Management consultancy Horvath predicted deployment of robots with a more human-like form than those commonly used in factories would be bolstered by technological advancements and a drop in price resulting from mass production in the coming years.

In the company’s Humanoid Robots in Operations report it pinned 2025 as the date when mass production of the machines could begin, with that development expected to cut the price of the units from an average €80,000 to €48,000 by 2030.

It noted current acquisition costs for humanoid robots were higher than other industrial robots.

Horvath added these human-form machines would also require maintenance costs of around €4,000 per year.

Alongside a benefit from an anticipated cut in price, by 2030 the company expects continued increases in sophistication, with the units likely to surpass human capabilities in terms of “speed of movement, flexibility and fine motor skills”.

Currently, Horvath noted, common industrial robots used for the likes of welding, assembly and quality inspection resembled human arms. Humanoid robots, on the other hand, are as tall and heavy as actual people making them “them particularly suitable for working in environments designed for humans”.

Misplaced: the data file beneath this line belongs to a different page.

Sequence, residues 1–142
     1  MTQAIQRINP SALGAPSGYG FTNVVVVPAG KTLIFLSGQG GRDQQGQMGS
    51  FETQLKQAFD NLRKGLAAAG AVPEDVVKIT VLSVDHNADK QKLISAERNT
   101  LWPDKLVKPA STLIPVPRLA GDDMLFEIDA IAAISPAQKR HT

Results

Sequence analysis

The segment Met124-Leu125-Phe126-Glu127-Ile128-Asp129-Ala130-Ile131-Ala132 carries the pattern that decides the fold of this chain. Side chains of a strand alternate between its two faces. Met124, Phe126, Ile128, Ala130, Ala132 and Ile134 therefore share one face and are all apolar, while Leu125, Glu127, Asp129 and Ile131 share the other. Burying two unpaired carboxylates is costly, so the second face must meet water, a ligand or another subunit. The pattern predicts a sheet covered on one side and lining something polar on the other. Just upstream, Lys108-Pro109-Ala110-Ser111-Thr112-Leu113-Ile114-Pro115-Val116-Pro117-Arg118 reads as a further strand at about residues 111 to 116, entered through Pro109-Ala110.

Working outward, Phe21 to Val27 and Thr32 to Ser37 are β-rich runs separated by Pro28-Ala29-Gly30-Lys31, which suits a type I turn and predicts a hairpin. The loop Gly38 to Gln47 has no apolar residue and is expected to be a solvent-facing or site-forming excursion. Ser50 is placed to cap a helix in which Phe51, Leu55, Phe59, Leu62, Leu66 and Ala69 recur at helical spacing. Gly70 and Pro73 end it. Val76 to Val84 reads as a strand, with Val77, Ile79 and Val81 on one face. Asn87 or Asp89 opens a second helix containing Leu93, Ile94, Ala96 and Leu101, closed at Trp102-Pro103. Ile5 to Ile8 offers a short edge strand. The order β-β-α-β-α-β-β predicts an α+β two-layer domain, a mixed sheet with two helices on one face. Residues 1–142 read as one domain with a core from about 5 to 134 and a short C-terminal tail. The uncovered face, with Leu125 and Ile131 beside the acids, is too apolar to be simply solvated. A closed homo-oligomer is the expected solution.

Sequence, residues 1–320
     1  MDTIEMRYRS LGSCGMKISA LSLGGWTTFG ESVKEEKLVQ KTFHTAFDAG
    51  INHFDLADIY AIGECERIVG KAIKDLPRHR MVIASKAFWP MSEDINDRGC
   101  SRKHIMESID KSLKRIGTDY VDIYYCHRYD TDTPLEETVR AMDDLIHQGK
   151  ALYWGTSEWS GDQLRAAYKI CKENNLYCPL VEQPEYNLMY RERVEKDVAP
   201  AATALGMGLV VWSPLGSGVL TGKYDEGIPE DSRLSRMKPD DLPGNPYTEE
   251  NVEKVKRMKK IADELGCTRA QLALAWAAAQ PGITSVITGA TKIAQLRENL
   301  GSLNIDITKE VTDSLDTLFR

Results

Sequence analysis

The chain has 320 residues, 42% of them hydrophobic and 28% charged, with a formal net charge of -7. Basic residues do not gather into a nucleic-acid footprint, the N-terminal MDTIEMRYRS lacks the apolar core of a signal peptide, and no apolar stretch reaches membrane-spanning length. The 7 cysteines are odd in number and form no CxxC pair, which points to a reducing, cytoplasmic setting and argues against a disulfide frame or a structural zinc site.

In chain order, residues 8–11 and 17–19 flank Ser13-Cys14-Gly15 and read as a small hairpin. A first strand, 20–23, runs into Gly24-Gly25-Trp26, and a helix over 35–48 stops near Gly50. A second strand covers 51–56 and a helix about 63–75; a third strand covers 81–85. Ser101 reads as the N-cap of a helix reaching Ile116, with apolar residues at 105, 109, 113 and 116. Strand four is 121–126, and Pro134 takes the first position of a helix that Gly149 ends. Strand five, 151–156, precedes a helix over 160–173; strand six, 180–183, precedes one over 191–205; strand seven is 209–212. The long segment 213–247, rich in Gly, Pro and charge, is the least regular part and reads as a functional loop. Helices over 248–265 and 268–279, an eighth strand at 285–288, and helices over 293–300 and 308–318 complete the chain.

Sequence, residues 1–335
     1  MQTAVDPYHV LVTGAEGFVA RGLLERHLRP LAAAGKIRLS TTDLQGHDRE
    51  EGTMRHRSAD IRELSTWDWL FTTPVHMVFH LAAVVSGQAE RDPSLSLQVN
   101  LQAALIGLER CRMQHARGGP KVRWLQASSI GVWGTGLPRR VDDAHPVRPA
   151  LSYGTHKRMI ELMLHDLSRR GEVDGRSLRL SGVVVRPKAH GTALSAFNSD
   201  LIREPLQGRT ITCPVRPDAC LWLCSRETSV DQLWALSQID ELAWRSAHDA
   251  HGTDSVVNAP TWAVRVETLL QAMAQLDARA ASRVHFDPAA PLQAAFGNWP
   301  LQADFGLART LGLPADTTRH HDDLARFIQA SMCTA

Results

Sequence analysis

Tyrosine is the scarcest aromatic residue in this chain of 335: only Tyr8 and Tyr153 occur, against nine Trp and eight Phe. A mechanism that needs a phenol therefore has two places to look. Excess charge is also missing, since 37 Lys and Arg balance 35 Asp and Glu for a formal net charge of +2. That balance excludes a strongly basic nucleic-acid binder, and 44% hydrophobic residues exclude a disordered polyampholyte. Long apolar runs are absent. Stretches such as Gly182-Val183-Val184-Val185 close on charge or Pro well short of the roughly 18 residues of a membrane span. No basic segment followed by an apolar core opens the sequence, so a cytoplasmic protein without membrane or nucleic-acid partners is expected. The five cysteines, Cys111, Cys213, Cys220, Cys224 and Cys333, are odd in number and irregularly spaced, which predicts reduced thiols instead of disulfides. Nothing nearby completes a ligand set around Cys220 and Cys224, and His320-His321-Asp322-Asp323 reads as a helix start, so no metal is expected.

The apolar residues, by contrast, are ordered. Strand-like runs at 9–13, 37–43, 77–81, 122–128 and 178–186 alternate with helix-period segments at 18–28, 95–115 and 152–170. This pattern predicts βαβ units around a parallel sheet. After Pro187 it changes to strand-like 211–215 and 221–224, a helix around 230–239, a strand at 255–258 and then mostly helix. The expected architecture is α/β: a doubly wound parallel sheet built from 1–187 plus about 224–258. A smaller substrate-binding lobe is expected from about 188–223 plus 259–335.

The consultancy’s senior project manager Tobias Bock said there were many potential applications for the human scale robots, adding they could “take on particularly labour-intensive, physically demanding and repetitive tasks in production and logistics.”

It anticipates robots could take over more than half of manual tasks currently in the production line.

Among early pilot projects being undertaken in this area is a deal announced earlier this year between Mercedes-Benz and Apptronik to use the latter’s Apollo robot, with the automotive giant assessing use cases including delivering parts to human workers while simultaneously inspecting the components.